PRC Nights Online: Cameraless Photography

January 21, 2021, 6-8pm

Featuring Amy Giese with Daniel Ranalli and Rosalie Rosenthal

Amy Giese, 03242511.s205.06106, 2011, Unique silver gelatin skiagram, 79.5” high by 255” long [six panels]

Cameraless photography is all about light; an energy that can make something tangible, physical and transform an inanimate object in a way that is unique to photographic imaging. For Amy Giese the process of cameraless photography, whether it is chemical or digital, is inserted between her experience of a moment and what is formed and made fixed through the process of photography. Join Amy Giese with Daniel Ranalli and Rosalie Rosenthal as they share their work within this genre.

Amy Giese, 2019, Unique silver gelatin skiagram, 52.75” x 42.5″

Amy Theiss Giese is a Boston based artist. She received her BA in Fine Arts from Amherst College (Amherst, MA) and an MFA in Photography from Parsons School of Design (New York, NY). Giese’s practice is grounded in photography but often is out at the edges of the medium, critiquing the materials of production and consumption, as well as searching for points of intersection with other mediums. Her work has been exhibited in the US, China, New Zealand, Czechia, and Scotland. Recent and upcoming solo shows include: The McDonough Museum of Art (2021 Youngstown, OH), Granary Art Center (2018 Ephraim, UT), Flanagan Campus Art Gallery (2016 Lincoln, RI). Selected group shows include: Call and Response at Newport Art Museum, Image for Concept at the Hand Art Center and Southeast Museum of Photography, Sound Thought Festival in Glasgow, and Endless Days at the Pingyao Photo Festival, Pingyao CH. Giese has recently been featured in publications including PreCog Magazine and Art New England. She also recently completed residencies at Mass MoCA and at Signal Culture.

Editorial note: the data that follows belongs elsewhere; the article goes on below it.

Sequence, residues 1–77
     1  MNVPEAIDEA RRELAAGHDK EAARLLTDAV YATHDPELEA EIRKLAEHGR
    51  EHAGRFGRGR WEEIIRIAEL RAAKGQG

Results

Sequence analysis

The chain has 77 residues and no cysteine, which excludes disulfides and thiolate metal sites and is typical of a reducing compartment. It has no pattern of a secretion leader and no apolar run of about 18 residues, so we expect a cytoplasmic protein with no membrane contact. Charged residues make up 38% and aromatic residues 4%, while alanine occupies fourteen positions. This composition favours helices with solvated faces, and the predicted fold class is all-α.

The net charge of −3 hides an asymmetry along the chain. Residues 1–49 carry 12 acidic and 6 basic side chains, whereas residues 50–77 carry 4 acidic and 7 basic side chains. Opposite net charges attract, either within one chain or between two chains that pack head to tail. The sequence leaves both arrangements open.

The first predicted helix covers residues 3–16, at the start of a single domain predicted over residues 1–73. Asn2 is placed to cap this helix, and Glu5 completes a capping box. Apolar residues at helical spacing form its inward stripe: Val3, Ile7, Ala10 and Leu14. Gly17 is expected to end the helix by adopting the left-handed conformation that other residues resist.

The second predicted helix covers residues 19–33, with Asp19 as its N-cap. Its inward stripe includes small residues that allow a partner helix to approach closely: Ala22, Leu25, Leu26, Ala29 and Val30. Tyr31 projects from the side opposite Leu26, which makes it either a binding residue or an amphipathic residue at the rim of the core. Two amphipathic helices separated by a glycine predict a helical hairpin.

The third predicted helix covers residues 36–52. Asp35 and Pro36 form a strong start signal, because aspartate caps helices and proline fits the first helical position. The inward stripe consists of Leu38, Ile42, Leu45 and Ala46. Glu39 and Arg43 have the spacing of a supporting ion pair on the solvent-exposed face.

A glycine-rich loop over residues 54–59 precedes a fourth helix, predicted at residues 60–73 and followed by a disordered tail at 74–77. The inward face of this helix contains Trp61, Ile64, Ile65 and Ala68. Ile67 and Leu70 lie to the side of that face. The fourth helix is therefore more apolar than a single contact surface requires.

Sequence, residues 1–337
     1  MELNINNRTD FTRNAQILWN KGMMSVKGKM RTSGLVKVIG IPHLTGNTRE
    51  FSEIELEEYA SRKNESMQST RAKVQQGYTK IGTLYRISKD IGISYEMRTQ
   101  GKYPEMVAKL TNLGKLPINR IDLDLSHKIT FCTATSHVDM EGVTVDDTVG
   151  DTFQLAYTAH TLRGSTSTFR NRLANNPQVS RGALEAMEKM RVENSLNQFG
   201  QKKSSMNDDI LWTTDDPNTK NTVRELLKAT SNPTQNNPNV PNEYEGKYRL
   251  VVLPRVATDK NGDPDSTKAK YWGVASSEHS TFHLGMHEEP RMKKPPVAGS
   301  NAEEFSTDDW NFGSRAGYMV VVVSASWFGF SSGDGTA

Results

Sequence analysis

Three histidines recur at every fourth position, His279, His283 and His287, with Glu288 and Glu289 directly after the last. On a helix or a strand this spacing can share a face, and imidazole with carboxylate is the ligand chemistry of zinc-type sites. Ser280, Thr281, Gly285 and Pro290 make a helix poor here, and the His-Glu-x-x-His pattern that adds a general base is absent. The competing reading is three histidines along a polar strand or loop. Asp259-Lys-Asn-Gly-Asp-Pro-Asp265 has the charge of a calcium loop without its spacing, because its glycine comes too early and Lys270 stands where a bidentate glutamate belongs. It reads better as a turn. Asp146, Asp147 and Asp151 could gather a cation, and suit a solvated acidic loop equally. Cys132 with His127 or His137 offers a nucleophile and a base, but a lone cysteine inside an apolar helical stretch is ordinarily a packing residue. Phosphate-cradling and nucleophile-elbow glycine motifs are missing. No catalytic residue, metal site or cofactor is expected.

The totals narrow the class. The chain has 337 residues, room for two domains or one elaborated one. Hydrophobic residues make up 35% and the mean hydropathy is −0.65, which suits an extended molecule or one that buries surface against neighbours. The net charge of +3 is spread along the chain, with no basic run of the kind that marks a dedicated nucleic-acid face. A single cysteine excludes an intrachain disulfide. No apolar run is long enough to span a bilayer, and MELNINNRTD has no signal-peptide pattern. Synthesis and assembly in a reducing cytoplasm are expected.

Daniel Ranalli, Photogram #19, 1979/2017,
Enlarged Photogram, archival pigment print.

Daniel Ranalli has been working as a visual artist for more than 45 years with his first photograms made in 1974. Ranalli was drawn to the enormous potential for abstraction in photograms, as well as the rich tonal scale he could achieve. He wanted to make photographs that were mysterious and also looked like they were fabricated with light – which is the very genesis of the word photography – photo meaning light and graphy meaning writing. Ranalli’s work is in the permanent collections of thirty-plus museums in the US and abroad including the Museum of Modern Art, the Museum of Fine Arts Boston, the San Francisco Museum of Modern Art, Nelson-Atkins Museum, Harvard Art Museum, the George Eastman House, and the National Gallery of American Art. Daniel’s work has been included in more than 150 solo and group shows including at the ICA Boston, MFA Boston, List Gallery at MIT, the San Francisco Museum of Modern Art, Rose Art Museum, the Davis Art Museum, DeCordova Museum and Harvard Art Museum. Daniel has also been the recipient of two artist fellowships from the National Endowment for the Arts and multiple artist fellowships from the Massachusetts Cultural Council.

Rosalie Rosenthal, Untitled cyanotype

With her multi-media artwork Rosalie Rosenthal strives for an experience of discovery, one where the practice of looking beyond patent functionality cultivates a vision with nuance and possibility. Her projects develop from the process of seeing objects as they are and imagining them as something else; they feel alive in the act of creating—drawing potential from material and metaphor from context.

Rosalie Rosenthal (b. St. Louis, MO) is an artist living in Louisville, Kentucky working in digital and camera-less photography. She earned a BFA from the University of Louisville’s Hite Art Institute and her BA in History from Smith College. Her work has been exhibited at the Kentucky Museum of Art and Craft and Spalding University and is in the collection of 21c Museum Hotels and individual collectors.